As yet there are few published comparisons of molecular beacons technology with other nucleic acid-based diagnostic techniques on clinical material. However a comparison of Taqman and molecular beacons probes for the real time PCR of Epstein Barr Virus and of cytomegalovirus found that both TaqMan and molecular beacon assays had comparable performance, being linear between 10 - 107 viral genomes/reaction. Both approaches were considered to give accurate, rapid, and reliable assays of these viruses in patient material [Jebbink et al., 2003]. Other applications will readily be found in PubMed using the search term 'molecular beacons'.

MeWard 2003.

SEE ALSO: Research methods: Quantitative Pcr.

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References

Abravaya K, Huff J, Marshall R, Merchant B, Mullen C, Schneider G, Robinson J. (2003). Molecular beacons as diagnostic tools: technology and applications. Clinical Chemisty and Laboratory Medicine 41, 468 - 474.

Du, H., Disney, M. D., Miller, B. L. & Krauss, T. D. (2003). Hybridization-based unquenching of DNA hairpins on Au surfaces: prototypical "molecular beacon" biosensors. Journal of the American Chemical Society 125, 4012 - 4013.

Jebbink, J., Bai, X., Rogers, B. B., Dawson, D. B., Scheuermann, R. H. & Domiati-Saad, R. (2003). Development of Real-Time PCR Assays for the Quantitative Detection of Epstein-Barr Virus and Cytomegalovirus, Comparison of TaqMan Probes, and Molecular Beacons. Journal of Molecular Diagnostics 5, 15 - 20.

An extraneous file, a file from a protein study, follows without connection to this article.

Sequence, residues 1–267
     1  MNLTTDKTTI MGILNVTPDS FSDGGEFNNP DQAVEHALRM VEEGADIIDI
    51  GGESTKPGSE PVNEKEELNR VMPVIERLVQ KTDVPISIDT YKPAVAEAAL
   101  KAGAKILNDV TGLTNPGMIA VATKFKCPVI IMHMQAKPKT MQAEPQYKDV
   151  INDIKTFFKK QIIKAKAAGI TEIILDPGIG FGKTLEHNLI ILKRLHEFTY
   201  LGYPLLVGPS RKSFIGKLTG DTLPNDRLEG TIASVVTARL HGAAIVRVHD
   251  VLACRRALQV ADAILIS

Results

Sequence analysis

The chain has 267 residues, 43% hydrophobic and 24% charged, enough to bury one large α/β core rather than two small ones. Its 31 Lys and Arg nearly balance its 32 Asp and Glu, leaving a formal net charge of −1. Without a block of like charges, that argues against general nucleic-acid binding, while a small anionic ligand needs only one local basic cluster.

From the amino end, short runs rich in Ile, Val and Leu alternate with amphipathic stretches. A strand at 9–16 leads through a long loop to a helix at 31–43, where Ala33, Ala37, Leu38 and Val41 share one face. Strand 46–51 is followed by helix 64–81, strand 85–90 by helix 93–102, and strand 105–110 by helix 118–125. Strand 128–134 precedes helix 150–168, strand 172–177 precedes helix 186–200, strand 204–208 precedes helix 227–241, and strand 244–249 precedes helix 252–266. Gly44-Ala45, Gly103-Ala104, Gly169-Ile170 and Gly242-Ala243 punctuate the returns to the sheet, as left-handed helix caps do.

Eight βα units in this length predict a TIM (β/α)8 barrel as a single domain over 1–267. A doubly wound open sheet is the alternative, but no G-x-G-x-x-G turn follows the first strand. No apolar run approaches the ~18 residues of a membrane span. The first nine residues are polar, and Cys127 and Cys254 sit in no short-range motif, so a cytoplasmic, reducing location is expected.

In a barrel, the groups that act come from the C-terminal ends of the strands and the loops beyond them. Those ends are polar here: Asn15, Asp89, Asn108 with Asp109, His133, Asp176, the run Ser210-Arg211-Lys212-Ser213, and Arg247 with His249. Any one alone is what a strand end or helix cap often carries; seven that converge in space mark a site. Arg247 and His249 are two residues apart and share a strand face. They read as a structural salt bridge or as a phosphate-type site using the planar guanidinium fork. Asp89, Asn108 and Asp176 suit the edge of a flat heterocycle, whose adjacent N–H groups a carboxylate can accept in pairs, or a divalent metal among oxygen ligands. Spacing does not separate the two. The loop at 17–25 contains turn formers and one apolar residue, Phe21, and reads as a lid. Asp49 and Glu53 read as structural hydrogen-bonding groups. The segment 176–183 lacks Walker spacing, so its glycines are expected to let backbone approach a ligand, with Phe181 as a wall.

Marras, S. A., Kramer, F. R. & Tyagi, S. (2003). Genotyping SNPs with molecular beacons. Methods in Molecular Biology 212, 111 - 128.

Monroe, W. T. & Haselton, F. R. (2003). Molecular beacon sequence design algorithm. Biotechniques 34, 68 - 70 & 72 - 73.

Ntziachristos, V., Tung, C. H., Bremer, C. & Weissleder R. (2003). Fluorescence molecular tomography resolves protease activity in vivo. Nature Medicine 8, 757 - 760.

Pattyn, F., Speleman, F., De Paepe, A. & Vandesompele, J. (2003). RTPrimerDB: the real-time PCR primer and probe database. Nucleic Acids Research 31, 122 - 123. Web link to database

Ramachandran, A., Zhang, M., Goad, D., Olah, G., Malayer, J. R. & El Rassi, Z. (2003). Capillary electrophoresis and fluorescence studies on molecular beacon-based variable length oligonucleotide target discrimination. Electrophoresis 24, 70 - 77.

Szemes, M. & Schoen, C. D. (2003). Design of molecular beacons for AmpliDet RNA assay-Characterization of binding stability and probe specificity. Analytical Biochemistry 315, 189 - 201.

Tsourkas, A., Behlke, M. A. & Bao, G. (2003a). Hybridization of 2'-O-methyl and 2'-deoxy molecular beacons to RNA and DNA targets. Nucleic Acids Research 30, 5168 - 5174.

Tsourkas, A., Behlke, M. A., Rose, S. D. & Bao, G. (2003b). Hybridization kinetics and thermodynamics of molecular beacons. Nucleic Acids Research 31, 1319 - 1330.

Tyagi, S., Bratu, D. P. & Kramer, F. R. (1998). Multicolor molecular beacons for allele discrimination. Nature Biotechnology 16, 49 - 53.

Wei, A. P. & Herron, J. N. (2002). Bifluorophoric molecules as fluorescent beacons for antibody-antigen binding. Journal of Molecular Recognition 15, 311 - 320.

Wouters, F. S., Verveer, P. J. & Bastiaens, P. I. (2001). Imaging biochemistry inside cells. Trends in Cell Biology 11, 203 - 211.

SEE ALSO: Research methods: Quantitative PCR.

NEXT: SDA. The Becton Dickinson ProbeTec.

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Topic revision: r2 - 2011-03-12 - MeWard